I learned an important lesson yesterday. It’s a lesson I’ve been taught oh so many times before, and no doubt I will have to re-learn it next week: Relax the grip and concentrate on the moment you are in. Relax. Concentrate. And enjoy.
It came to me during a piano lesson during which I crashed through my piece trying to keep up the tempo, get the right notes, get the pedal right, and — as an afterthought — make it sound like something worth listening to. My piano teacher, long suffering and possessing the patience of Job, said very gently, “You might want to take your time here.” And then he showed me what that might sound like. And of course it sounded wonderful.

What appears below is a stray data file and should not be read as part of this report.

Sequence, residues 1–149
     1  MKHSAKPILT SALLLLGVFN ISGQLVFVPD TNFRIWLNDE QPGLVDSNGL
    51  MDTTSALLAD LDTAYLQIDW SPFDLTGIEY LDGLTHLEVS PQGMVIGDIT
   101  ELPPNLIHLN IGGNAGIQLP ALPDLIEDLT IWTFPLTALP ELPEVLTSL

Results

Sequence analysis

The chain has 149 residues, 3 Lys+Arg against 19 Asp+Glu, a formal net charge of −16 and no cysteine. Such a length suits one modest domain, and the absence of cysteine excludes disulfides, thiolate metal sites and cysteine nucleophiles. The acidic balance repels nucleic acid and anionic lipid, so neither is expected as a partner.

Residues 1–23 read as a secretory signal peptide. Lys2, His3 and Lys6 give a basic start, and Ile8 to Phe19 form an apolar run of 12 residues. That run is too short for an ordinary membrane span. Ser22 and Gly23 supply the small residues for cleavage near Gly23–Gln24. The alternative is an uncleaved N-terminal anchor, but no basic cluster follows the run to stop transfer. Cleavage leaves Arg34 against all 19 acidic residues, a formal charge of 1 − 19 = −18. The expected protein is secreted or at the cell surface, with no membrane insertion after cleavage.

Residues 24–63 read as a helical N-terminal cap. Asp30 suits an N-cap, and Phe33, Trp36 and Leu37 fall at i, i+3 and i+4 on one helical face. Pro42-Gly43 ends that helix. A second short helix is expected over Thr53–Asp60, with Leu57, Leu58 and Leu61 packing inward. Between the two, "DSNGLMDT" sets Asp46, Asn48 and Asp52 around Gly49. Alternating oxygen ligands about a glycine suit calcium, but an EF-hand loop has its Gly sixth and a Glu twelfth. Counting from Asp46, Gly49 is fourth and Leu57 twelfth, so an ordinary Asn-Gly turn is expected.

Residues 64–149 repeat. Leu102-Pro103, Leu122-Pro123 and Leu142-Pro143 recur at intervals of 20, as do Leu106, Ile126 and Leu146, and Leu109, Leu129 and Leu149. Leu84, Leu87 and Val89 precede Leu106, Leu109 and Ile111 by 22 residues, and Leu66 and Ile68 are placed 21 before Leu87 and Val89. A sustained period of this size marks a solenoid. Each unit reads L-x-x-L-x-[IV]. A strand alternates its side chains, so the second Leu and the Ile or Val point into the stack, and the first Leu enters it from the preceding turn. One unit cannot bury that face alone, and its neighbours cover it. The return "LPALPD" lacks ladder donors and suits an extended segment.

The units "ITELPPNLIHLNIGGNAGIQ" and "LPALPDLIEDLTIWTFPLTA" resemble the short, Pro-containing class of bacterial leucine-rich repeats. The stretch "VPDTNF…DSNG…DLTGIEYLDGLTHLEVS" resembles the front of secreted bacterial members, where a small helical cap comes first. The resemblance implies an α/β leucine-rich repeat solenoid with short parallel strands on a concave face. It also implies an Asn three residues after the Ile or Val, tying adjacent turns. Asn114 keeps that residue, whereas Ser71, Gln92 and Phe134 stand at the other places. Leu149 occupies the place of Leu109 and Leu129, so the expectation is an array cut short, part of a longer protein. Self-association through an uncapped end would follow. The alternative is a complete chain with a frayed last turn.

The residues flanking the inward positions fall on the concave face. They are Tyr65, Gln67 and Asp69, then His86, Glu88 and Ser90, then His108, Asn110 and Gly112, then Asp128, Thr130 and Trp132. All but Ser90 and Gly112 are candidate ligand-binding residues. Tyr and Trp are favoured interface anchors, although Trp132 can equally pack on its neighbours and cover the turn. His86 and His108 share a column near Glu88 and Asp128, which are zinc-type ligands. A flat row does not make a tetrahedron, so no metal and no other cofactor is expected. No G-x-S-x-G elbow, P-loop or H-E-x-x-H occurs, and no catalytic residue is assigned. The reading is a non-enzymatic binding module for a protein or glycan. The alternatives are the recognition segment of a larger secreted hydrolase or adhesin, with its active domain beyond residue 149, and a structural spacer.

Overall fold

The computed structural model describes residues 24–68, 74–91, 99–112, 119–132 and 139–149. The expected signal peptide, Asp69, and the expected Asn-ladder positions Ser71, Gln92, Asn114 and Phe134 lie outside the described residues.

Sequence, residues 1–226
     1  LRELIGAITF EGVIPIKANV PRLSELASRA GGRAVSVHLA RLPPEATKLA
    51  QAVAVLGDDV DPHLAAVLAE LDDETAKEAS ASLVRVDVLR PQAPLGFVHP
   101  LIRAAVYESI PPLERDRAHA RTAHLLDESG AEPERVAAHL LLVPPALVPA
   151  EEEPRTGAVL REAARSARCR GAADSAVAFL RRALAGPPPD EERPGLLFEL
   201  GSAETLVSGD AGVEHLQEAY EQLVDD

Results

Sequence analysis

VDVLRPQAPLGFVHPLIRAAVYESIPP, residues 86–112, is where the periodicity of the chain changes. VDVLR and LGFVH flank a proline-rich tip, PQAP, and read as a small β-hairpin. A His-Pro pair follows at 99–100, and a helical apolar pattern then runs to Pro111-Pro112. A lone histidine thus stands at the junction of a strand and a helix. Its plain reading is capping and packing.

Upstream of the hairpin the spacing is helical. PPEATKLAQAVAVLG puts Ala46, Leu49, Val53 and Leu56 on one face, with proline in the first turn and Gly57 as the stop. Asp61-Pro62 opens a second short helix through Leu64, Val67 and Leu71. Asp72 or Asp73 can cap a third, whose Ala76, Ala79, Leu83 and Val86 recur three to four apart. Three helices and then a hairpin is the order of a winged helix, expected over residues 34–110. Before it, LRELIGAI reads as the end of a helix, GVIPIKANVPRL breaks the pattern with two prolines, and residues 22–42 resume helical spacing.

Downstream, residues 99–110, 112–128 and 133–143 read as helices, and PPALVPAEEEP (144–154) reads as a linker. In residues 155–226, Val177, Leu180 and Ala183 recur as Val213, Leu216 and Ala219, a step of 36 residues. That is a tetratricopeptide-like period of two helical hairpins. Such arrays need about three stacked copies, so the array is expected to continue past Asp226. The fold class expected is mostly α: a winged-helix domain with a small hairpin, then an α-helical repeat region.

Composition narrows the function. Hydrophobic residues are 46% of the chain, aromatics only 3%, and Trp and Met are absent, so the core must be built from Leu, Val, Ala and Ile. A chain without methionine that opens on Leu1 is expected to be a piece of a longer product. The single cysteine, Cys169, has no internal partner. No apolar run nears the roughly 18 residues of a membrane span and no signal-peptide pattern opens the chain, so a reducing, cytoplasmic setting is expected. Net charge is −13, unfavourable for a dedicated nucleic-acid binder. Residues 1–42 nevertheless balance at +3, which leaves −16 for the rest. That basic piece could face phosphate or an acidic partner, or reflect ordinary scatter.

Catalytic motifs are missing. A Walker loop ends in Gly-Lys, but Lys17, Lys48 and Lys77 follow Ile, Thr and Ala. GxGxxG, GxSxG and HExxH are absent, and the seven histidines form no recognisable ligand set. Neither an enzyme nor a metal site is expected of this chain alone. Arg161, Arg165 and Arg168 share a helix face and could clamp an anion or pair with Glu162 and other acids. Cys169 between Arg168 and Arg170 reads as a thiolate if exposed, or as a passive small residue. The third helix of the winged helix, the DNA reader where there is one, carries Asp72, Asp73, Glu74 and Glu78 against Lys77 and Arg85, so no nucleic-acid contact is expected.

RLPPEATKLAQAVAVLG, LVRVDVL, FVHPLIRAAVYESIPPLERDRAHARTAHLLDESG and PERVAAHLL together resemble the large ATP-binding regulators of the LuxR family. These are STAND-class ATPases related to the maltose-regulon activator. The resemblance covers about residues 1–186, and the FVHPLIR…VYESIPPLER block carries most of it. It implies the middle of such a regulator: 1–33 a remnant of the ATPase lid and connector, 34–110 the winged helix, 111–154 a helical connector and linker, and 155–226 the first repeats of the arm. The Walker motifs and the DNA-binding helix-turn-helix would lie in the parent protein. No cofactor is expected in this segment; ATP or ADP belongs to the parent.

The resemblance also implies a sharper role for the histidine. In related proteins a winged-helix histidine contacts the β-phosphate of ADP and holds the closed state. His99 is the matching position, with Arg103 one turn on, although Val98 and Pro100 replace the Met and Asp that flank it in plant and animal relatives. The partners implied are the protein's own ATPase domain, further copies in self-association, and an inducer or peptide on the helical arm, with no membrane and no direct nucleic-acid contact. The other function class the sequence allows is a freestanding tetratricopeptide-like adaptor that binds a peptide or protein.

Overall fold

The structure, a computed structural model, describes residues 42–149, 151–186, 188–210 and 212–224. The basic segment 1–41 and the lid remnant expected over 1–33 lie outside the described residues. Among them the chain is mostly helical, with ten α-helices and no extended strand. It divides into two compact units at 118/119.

Josef Hofmann says that the mind must be ahead of the fingers — the mind is the controlling officer and cannot be out talking to a friend instead of attending the business of preparing the way for fingers to follow. Otherwise, he says in his Germanic way, we are affected by “thought-laziness.”
And so it is for everything we do, don’t you think? So easy to be thought-lazy. So difficult, and such a rich reward, to be thought-strong, or at the very least, thought-stronger.